I think I found this one so horrific because it was my Aunty’s wedding the weekend before, where I had the best time ever! But jumping straight into chemo Monday (tired from the wedding after dancing my lil ass off) chemo completely wiped me out. B2C88F48-9F1D-46D8-B88E-2524F3154F56.jpeg

Then the post arrived Wednesday morning 2 days post chemo. And there it was my dreaded letter for my PET scan. This scan was to determine if i needed more chemo/ different chemo and stem cell transplant or if the cancer was only active in one area I could be treated with radiotherapy or finally if the cancer had gone. The minute I opened the letter, my body went into anxiety mode… scanxiety actually. 

So not only was I now beyond tired, I was now in fear, and the scan wasn’t until the 10th of December. I knew already these next few weeks were going to be horrific. That they were. 

My cough came back worse than ever, I have struggled massively with phelegm as I had a build up in my left lung but it was unable to move due to the tumour but this time it decided to move and cause me havoc!! (Sorry I know that’s disgusting but I promised I would always be honest, I actually found out at my surgical consultation it was dead tumour.. MING) due to my anxiety, I wasn’t sleeping and I just didn’t want to go out anywhere or socialise with anyone; because I knew the question ‘when is your next scan’ or ‘what’s happening next’ would come up and I couldn’t deal with the constant reminder. I even stopped going on my phone so nobody contacted me (now that’s a biggy, it works tho). I didn’t tell many people this time to stop the messages before hand, on the day of my scan and results day. As much as I appreciate the messages of support my poor lil head couldn’t deal with everything at once and decided this was the best for me. So if you didn’t get told or I ignored your message, I do apologise but you will understand if you ever experience scanxiety yourself. 

The day of the PET Scan arrived and I was shaking like a brick, I’m not sure if it was down the the fact I had to eat before 6am or the fact I was bricking it… probably both. My Mum comes with me every time I don’t think I’d go through with it if she wasn’t there. She always sits in the room with me whilst I have the cannula, because yes believe it or not I’m still petrified of needles. I’ve got used to Pepper the Picc Line which is no pain at all. (This time it was put through my picc, I  was so happy)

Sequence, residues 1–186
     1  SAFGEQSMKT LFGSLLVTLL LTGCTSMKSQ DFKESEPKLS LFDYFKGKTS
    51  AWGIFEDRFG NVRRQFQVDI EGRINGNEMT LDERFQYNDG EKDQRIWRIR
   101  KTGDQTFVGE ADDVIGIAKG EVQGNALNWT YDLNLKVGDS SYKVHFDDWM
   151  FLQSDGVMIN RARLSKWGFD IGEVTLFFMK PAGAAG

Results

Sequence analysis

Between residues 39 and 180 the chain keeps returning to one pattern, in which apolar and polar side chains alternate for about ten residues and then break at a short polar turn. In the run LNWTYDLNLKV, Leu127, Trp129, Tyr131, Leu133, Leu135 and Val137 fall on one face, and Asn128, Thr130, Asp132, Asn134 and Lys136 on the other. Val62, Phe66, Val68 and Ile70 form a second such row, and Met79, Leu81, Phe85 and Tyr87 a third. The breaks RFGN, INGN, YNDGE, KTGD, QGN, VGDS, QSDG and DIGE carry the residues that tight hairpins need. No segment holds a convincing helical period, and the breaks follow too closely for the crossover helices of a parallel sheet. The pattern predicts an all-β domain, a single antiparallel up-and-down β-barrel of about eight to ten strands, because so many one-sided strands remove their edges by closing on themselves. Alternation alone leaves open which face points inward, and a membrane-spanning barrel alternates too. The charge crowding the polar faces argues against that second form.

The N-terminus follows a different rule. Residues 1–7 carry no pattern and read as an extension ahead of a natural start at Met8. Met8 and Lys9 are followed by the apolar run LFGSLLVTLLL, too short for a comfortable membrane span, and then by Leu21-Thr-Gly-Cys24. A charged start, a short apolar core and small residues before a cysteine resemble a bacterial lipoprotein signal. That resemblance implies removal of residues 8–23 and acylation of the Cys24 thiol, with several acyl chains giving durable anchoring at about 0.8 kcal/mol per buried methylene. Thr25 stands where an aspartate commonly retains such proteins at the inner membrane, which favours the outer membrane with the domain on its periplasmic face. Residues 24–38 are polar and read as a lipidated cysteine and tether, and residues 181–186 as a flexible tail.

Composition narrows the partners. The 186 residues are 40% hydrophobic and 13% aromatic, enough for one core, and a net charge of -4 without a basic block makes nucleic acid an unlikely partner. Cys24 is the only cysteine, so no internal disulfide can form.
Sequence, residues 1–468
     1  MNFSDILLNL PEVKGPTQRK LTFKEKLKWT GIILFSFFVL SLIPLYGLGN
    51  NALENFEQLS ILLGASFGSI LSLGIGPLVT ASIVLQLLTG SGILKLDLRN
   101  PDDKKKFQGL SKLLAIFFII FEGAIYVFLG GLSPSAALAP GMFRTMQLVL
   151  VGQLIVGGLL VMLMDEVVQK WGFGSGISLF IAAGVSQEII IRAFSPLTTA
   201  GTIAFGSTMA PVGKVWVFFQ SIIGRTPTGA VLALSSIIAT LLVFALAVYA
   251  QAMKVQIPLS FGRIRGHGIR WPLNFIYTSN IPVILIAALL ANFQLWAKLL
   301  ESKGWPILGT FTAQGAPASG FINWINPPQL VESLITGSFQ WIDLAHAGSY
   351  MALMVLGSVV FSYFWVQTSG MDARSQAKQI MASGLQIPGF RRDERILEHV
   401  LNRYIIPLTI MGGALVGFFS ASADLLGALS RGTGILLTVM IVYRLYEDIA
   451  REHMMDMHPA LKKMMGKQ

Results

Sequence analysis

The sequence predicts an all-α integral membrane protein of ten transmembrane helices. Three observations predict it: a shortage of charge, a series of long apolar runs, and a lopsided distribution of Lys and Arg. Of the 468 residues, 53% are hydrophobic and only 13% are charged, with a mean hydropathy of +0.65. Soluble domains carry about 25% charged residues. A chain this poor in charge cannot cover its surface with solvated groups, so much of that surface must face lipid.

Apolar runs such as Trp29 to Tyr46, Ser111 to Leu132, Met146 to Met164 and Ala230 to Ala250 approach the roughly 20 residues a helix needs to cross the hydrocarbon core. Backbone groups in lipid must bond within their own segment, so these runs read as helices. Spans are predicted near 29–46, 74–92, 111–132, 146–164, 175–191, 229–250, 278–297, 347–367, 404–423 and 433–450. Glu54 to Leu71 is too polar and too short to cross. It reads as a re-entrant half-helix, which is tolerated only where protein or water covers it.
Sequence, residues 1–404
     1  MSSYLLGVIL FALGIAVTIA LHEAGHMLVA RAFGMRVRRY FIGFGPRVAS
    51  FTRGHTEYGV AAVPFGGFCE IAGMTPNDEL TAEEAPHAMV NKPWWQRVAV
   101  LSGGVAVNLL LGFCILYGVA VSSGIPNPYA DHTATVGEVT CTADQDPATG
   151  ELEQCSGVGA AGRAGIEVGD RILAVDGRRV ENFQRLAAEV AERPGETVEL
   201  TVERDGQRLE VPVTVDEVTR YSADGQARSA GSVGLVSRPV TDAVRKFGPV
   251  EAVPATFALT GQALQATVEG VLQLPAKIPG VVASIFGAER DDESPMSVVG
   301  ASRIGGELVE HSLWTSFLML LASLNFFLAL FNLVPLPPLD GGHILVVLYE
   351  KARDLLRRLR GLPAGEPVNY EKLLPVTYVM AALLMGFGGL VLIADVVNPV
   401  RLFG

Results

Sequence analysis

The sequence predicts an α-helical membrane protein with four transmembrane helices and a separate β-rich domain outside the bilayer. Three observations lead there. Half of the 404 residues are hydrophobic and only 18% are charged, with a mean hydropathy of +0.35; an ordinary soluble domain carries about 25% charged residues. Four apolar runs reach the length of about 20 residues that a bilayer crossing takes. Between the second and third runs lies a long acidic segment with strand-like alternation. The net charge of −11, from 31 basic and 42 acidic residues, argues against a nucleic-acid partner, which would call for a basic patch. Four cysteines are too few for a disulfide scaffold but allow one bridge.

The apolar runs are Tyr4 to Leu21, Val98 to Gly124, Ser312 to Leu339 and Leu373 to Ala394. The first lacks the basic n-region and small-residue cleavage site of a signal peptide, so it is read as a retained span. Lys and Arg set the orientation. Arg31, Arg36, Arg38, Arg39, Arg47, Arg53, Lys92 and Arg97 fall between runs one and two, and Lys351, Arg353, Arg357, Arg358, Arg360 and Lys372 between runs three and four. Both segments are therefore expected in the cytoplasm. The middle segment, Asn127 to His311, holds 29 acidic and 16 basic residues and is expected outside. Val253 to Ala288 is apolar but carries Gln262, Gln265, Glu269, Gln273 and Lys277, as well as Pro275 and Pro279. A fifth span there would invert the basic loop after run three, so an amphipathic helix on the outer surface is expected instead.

After the injection Mum has to go to another waiting room because for the next hour I start to become ‘radioactive’ and for 8 hours after, which we can never understand because I’m round her then anyway!!  I asked if I was glowing the first time to which they replied no! I was disappointed. Once the hour is up they take you through to the scanning room. This is it. This machine will tell me what’s going on in my weird body. I lay flat with my arms above my head, fingers crossed, praying for it to be good results. 

The PET Scan is pretty much like a CT scan (if you have ever experienced one) however your whole body goes through it extremely slowly and your face is nearly touching the machine, there is plenty of times I’ve wanted to shout out; ‘I’m A Celebrity Get Me Out Of Here!!’ Haha I wish. 

After about 20/30minutes the Scan is finished and your on your way. FOOOOOD! 

To take my mind off the results in 3 days I went to my mums best friends house (Janes) to keep her company after having a recent operation herself and also to see my bestfriend Emily. We did art crafts, ate Christmas food and decorated the Christmas tree it was perfect. That was until Wednesday came around I was about to set off and my phone started to ring. It was the hospital. Asking if I could come to an appointment on Friday at 11pm to see the surgeon. I instantly went into panic mode, “I think you’ve got the wrong person I’m not having surgery” “is it Ashleigh Rimmer?” “Yes”  “I haven’t had my results yet I know nothing about surgery” to which she replied “I’ll ring you back” then the panic attack started and my Mum instantly came home.

Thank god for my Nurse Specialist who found out the information for me.. BUT I ended up knowing half of my results over the phone due to the mistake the booking office lady made. After my 6 R-CHOP chemos I was left with a ring which they wasn’t sure if it was inflammation or still cancerous….. biopsy it was no messing about now. I calmed knowing it was only a biopsy as id had one before… that was until Friday when me and my dad went to see the surgeon…GENERAL ANAESTHETIC that’s all I’m going to say.  

Thursday came around and my consultant moved my appointment from 15:45pm to 13:00pm because she knew my anxiety would be through the roof. She explained everything clearly too me and was so apologetic, the lady who rang me was suppose to tell her the appointment time not ring me.. oh well! Basically this biopsy needed to be done to determine the next step. If I am left and no more treatment or stem cell transplant..queue the panic attack, all I remember hearing was “Ashleigh breathe”, but I couldn’t. I was petrified. The big C was really starting to test me.